Since that moment, after God gave His name to Moses, began one continuing dialogue between God and Moses. This one left and walked through-out the desert with the shepherd’s crook of God.
Along this itinerary, with such marvelous things and difficulties that will lead him to the Sinai, Moses went, each time, more and more into God’s intimacy, wishing that presence never quit himself. He won’t cease praying, imploring and even insisting as the importunate friend we meet in the Gospel and all his prayer, as well as the one of Abraham will rely on since this moment, only on the same word of God: You told me…
“Moses said to the Lord: ‘See, thou sayest to me,’ “Bring up this people;” But thou hast not let me know whom thou wilt send with me. Yet thou hast said, “I know you by name and you have also found favor in my sight.”’” (Ex 33, 12)
The highness of Moses doesn’t consist in the power given by God to defeat the Pharaoh or to guide the people among so many difficulties no more than to be a prophet.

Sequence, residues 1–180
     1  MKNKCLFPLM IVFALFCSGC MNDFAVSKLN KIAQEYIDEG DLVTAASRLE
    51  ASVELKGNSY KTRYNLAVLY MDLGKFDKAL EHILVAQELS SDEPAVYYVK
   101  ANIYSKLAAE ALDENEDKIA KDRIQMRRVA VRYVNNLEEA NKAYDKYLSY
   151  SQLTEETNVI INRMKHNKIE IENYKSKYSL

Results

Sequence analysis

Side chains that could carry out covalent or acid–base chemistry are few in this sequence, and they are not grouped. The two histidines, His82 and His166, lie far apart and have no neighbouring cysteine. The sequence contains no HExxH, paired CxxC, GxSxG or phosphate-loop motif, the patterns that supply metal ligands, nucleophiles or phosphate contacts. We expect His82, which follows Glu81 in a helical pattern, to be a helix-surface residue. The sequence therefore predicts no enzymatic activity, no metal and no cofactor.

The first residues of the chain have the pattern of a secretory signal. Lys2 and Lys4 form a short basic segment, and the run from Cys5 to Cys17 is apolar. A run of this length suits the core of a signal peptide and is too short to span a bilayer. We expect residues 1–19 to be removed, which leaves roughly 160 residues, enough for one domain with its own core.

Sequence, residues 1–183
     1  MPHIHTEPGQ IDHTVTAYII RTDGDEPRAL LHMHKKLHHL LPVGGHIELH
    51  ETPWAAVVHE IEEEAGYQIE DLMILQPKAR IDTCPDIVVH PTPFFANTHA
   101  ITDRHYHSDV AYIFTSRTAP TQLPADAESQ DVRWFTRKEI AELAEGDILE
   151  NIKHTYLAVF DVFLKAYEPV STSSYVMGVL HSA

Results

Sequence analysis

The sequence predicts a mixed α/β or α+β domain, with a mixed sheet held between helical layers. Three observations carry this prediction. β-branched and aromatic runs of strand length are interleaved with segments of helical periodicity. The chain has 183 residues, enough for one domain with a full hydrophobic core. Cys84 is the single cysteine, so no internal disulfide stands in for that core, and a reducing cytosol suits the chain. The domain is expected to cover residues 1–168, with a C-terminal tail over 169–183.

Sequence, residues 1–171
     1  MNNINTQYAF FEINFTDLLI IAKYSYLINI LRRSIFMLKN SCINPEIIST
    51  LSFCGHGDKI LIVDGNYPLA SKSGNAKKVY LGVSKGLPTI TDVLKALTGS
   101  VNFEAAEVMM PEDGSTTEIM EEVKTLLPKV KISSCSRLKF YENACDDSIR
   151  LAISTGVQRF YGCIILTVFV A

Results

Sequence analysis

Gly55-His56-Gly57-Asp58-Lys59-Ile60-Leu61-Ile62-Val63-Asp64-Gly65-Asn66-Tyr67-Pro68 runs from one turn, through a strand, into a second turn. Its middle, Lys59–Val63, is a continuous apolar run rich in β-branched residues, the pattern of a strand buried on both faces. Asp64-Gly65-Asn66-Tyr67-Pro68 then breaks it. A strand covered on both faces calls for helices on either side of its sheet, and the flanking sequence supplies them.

His highness has its roots in the deepest love for his Lord, above all other gifts received from God; he was willingly and cordially the true servant of God, and not to have been chosen for the special mission he received.
The highness of Moses has been revealed to us by God himself.
“If there is a prophet among you, I, the Lord make myself known to him in a vision, I speak with him in a dream. Not so with my servant Moses; he is entrusted with all my house. With him I speak mouth to mouth, clearly, and not in dark speech; and he beholds the form of the Lord.” (Nm 12, 6)
The highness of Moses is in his intimacy with the Lord.
“He was faithful in all God’s house as a servant but Christ was faithful over God’s house as a son. And we are his house if we hold fast our confidence and pride in our hope.” (Heb 3, 2-5)
(Extract of En la escuela de los grandes orantes, by Jacques Loew.)